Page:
Academic journal article Information Technology and Libraries

Classification of Library Resources by Subject on the Library Website: Is There an Optimal Number of Subject Labels?

Academic journal article Information Technology and Libraries

Classification of Library Resources by Subject on the Library Website: Is There an Optimal Number of Subject Labels?

Article excerpt

The number of labels used to organize resources by subject varies greatly among library websites. Some librarians choose very short lists of labels while others choose much longer lists. We conducted a study with 120 students and staff to try to answer the following question: What is the effect of the number of labels in a list on response time to research questions? What we found is that response time increases gradually as the number of the items in the list grow until the list size reaches approximately fifty items. At that point, response time increases significantly. No association between response time and relevance was found.

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It is clear that academic librarians face a daunting task drawing users to their library's Web presence. "Nearly three-quarters (73%) of college students say they use the Internet more than the library, while only 9% said they use the library more than the Internet for information searching." (1) Improving the usability of the library websites therefore should be a primary concern for librarians. One feature common to most library websites is a list of resources organized by subject. Libraries seem to use similar subject labels in their categorization of resources. However, the number of subject labels varies greatly. Some use as few as five subject labels while others use more than one hundred. In this study we address the following question: What is the effect of the number of subject labels in a list on response times to research questions?

Literature review

McGillis and Toms conducted a performance test in which users were asked to find a database by navigating through a library website. They found that participants "had difficulties in choosing from the categories on the home page and, subsequently, in figuring out which database to select." (2)

A review of relevant research literature yielded a number of theses and dissertations in which the authors compared the usability of different library websites. Jeng in particular analyzed a great deal of the usability testing published concerning the digital library. The following are some of the points she summarized that were highly relevant to our study:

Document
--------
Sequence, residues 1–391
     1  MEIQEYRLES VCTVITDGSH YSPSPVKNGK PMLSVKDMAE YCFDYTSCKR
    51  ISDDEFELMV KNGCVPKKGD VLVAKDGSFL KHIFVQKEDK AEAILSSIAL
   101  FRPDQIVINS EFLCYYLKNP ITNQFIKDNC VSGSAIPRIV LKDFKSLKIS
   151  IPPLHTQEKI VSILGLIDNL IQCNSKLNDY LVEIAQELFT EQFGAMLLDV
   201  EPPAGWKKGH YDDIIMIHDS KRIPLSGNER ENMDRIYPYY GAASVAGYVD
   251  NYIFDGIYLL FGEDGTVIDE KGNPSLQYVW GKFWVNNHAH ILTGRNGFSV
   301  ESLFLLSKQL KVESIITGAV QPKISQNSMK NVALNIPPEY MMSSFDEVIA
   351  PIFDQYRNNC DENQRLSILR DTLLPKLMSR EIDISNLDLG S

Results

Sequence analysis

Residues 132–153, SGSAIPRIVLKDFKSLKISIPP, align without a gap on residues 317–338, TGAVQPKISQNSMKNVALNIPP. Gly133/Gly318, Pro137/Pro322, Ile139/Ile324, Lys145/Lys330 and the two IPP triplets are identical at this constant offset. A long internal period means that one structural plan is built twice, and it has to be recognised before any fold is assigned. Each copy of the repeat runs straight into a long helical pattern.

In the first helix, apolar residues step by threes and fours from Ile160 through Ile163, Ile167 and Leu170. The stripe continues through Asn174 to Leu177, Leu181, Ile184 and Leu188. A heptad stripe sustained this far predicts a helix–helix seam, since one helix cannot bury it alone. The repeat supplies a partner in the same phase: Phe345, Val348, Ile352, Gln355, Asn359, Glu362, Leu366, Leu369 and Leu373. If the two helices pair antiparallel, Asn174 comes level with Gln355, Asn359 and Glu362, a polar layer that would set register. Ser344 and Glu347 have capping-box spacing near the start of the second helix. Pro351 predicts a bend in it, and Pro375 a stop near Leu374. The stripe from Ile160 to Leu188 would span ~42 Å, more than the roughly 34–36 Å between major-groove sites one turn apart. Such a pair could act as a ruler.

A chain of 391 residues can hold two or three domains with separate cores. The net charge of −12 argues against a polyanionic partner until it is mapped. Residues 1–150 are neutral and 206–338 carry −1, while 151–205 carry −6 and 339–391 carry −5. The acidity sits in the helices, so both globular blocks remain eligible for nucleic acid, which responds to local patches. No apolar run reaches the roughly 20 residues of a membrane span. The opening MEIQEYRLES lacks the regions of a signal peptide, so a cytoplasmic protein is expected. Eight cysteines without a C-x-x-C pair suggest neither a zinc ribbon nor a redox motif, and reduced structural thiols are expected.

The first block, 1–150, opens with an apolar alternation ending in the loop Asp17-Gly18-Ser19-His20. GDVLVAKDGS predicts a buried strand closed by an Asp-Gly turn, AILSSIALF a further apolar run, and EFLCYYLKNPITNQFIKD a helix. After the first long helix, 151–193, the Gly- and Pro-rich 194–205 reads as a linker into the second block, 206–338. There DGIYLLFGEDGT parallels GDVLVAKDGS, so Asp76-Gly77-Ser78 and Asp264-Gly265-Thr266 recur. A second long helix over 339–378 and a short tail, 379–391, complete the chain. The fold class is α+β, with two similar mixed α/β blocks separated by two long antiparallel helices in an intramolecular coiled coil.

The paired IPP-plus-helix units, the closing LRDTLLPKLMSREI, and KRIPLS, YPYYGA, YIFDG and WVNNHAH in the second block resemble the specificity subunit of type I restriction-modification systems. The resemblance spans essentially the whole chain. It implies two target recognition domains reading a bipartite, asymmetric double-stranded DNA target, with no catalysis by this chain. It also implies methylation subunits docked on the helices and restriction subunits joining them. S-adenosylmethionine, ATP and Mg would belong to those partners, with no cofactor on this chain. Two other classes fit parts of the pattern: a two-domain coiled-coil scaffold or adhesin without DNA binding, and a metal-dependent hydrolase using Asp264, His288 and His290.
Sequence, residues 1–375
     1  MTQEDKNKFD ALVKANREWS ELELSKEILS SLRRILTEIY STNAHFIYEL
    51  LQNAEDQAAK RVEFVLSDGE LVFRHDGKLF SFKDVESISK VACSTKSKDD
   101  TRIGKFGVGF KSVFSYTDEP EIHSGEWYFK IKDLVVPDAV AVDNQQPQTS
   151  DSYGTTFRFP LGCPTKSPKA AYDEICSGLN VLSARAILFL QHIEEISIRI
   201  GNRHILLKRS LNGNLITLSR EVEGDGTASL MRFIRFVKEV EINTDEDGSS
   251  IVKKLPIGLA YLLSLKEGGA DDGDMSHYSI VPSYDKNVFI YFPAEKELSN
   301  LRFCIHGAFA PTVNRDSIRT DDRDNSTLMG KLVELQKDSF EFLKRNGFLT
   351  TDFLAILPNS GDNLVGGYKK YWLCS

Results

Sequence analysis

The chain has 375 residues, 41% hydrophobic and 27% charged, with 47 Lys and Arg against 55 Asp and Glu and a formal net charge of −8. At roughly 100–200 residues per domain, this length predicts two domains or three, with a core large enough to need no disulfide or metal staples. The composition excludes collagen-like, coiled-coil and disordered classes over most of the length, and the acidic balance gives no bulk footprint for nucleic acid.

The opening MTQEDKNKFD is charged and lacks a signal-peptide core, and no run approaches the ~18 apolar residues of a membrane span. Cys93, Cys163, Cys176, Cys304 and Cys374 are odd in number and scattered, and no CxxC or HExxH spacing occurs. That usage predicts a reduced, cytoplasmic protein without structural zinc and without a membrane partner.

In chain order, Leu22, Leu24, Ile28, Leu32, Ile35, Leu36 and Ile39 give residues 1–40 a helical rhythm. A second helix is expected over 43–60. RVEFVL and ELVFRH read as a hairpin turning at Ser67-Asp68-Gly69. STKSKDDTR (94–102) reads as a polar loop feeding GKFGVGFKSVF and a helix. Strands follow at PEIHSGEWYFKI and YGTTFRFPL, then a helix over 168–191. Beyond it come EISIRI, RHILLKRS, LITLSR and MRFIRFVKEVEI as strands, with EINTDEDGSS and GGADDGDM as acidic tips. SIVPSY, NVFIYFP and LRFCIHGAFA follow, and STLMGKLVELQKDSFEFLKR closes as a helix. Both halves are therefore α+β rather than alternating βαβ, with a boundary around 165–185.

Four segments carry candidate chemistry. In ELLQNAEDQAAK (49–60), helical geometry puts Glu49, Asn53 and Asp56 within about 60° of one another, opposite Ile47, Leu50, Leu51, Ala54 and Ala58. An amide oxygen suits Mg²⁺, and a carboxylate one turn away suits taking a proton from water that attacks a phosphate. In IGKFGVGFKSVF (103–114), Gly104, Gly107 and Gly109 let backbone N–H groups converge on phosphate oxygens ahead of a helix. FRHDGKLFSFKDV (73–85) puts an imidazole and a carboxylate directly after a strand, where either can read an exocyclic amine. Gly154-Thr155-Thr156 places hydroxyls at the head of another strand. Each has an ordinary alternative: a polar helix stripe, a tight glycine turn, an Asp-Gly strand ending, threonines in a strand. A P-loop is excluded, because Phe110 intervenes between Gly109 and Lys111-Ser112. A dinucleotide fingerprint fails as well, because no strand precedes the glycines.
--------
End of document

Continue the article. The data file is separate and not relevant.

* User "lostness": Users did not understand the structure of the digital library.

* Ambiguity of terminology: Problems with wording accounted for 36 percent of usability problems.

* Finding periodical articles and subject-specific databases was a challenge for users. (3)

A significant body of research not specific to libraries provides a useful context for the present research. Miller's landmark study regarding the capacity of human short-term memory showed as a rule that the span of immediate memory is about 7 [+ or -] 2 items. (4) Sometimes this finding is misapplied to suggest that menus with more than nine subject labels should never be used on a webpage. Subsequent research has shown that "chunking," which is the process of organizing items into "a collection of elements having strong associations with one another, but weak associations with elements within other chunks," (5) allows human short-term memory to handle a far larger set of items at a time.

Larson and Czerwinski provide important insights into menuing structures. For example, increasing the depth (the number of levels) of a menu harms search performance on the Web. They also state that "as you increase breadth and/or depth, reaction time, error rates, and perceived complexity will all increase." (6) However, they concluded that a "medium condition of breadth and depth outperformed the broadest, shallow web structure overall." (7) This finding is somewhat contrary to a previous study by Snowberry, Parkinson, and Sisson, who found that when testing structures of [2.sup.6], [4.sup.3], [8.sup.2], [64.sup.1] ([2.sup.6] means two menu items per level, six levels deep), the [64.sup.1] structure grouped into categories proved to be advantageous in both speed and accuracy. …

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